I often get asked, “Why should I do Pilates? My response is, “So glad you asked!”
At S.T.A.R. Pilates we focus on HOW you move. What does that mean? Again, glad you asked.
Our bodies are made to move in a certain fashion. Biceps bend elbows and enable us to eat, drink, pick things up, etc. Legs get us up and down from chairs & out the car. You get the idea. However, I have a catch phrase that I use often: “due to life, injury & vocation our bodies adapt postures and habits that are not always optimal to our structure/system.” For example, if you’ve injured your right knee & never really addressed it you probably don’t bear your full weight on that leg & your left leg bears more weight than it should. It also means that the weight, or load, you bear in your hips isn’t equal either, which translates to an uneven load in your spine and even possibly into your shoulders. Your a mess!!! Pilates to the rescue!
When you do Pilates, one of the goals is to even out the imbalances of the body. Your trainer will tell you move your body so that you are “square”. You strive for the closest semblance. Then you are asked to move while being square. Many times when you are “square” you feel mighty crooked. Crooked is the new square. For now. Eventually the muscles respond and will get used to working in the proper alignment.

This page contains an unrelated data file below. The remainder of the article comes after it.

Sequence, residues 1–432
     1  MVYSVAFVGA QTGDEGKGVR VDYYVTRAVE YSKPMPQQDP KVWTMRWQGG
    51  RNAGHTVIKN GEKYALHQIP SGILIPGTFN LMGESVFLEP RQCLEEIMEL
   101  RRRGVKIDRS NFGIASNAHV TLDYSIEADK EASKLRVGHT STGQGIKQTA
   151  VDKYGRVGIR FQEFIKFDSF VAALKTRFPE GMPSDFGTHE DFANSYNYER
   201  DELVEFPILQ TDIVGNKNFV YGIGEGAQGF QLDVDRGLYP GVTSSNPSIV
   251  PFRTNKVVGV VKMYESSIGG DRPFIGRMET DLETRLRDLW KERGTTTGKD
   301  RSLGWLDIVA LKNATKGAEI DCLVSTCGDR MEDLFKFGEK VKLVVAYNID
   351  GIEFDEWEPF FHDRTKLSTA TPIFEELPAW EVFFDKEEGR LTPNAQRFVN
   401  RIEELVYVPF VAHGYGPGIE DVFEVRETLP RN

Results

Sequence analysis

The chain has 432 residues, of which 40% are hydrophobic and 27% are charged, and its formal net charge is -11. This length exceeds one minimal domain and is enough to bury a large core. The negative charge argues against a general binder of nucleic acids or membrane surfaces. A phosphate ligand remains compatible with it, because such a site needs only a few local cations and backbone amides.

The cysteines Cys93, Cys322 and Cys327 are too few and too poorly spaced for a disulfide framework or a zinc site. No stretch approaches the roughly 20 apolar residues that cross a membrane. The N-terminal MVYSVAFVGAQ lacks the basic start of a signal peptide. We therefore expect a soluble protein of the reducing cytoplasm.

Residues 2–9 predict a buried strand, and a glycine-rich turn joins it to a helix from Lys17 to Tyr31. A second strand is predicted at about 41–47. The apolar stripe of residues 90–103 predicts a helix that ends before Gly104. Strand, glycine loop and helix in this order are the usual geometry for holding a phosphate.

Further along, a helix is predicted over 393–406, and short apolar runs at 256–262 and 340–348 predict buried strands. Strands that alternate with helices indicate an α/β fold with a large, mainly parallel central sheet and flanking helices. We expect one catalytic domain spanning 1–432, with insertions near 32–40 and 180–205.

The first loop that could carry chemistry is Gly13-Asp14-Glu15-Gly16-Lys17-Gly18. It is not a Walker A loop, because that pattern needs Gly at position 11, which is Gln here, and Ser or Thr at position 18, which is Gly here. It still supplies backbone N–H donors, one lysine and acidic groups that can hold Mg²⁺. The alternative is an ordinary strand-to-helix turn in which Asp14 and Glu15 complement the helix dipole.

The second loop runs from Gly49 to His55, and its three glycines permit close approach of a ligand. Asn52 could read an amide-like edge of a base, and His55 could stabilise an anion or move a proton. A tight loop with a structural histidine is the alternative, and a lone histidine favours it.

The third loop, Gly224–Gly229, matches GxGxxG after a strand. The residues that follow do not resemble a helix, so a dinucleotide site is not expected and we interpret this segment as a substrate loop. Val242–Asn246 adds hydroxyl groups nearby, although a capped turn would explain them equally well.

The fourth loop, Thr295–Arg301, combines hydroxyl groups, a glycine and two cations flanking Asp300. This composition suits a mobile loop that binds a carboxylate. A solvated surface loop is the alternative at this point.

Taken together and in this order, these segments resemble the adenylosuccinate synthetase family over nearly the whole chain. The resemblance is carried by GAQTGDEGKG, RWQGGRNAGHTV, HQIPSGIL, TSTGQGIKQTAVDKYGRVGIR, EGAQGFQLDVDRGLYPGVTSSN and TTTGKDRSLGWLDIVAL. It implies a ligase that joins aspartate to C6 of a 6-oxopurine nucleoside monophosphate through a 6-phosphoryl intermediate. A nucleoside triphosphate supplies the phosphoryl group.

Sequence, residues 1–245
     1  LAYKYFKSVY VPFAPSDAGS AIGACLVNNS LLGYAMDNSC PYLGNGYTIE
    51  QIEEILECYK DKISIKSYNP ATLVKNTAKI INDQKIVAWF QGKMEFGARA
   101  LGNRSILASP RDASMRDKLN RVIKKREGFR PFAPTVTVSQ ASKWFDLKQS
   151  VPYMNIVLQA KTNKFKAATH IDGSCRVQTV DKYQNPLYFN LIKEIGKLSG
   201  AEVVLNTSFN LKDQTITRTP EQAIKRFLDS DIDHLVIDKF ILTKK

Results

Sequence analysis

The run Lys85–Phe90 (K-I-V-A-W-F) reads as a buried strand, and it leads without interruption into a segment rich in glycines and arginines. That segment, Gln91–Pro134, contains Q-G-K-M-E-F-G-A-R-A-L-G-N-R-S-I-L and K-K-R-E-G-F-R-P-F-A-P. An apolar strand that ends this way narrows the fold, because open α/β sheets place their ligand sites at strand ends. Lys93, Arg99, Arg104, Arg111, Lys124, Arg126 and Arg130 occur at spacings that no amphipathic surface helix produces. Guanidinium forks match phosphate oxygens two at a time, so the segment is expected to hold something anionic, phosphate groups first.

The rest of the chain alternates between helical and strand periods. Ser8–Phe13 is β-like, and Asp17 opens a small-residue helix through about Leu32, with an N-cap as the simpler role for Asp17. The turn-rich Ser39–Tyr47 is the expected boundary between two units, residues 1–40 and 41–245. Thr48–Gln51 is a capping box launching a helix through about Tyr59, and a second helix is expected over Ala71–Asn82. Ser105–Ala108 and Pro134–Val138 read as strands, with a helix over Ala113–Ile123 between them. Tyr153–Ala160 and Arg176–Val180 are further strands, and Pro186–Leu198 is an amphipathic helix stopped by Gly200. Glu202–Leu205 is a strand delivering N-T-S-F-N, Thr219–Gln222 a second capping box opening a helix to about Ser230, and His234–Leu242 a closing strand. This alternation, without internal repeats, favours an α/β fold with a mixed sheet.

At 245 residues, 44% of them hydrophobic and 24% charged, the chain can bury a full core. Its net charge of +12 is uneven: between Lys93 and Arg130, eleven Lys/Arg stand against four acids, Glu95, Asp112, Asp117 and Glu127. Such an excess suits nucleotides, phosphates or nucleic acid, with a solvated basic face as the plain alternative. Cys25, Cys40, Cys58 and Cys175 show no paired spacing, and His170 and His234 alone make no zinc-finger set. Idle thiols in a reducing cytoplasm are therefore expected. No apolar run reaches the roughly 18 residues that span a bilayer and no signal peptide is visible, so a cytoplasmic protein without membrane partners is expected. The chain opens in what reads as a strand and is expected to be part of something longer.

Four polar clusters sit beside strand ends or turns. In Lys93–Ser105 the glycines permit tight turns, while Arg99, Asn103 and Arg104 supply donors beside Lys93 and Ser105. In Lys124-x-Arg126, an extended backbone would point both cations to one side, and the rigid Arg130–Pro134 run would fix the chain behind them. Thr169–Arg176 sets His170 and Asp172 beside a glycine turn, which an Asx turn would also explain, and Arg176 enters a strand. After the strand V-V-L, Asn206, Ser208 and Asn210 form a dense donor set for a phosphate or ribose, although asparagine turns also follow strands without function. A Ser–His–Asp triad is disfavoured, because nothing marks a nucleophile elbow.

I did say how you move. Example: You pick up your laundry basket. You grab either side & lift. Do you need to use your upper trapezius muscles to do this (most people know these muscles as your shoulders, the ones that lift as if you’re saying “I don’t know”)? Not really. However, it is quite easy to use those muscles because they are large & happy to oblige. There are other muscles that can/should come into play so that your “traps” aren’t overworked. They just require you to talk to them & ask them to work, which is work in itself, but the payoff is rich. Here at S.T.A.R. Pilates you learn how to talk to those muscles. You learn where they are & what they do. Your body thanks you!
This all may sound to daunting, you may just want to move, work out & feel the benefits of taking care of yourself & not worry about how you are moving. No worries, you will. Even though it sounds technical, the technique gets weaved into the lesson, constantly re-iterated (in words & action) and eventually you understand & can execute motion properly. Success!
The question posed was, “Why should I do Pilates?” You should do Pilates to take care of your body, pay attention to it & maintenance it (it works for you all day long). I said the payoff is rich. You also gain strength, mobility and confidence. Question answered.
Have a great day!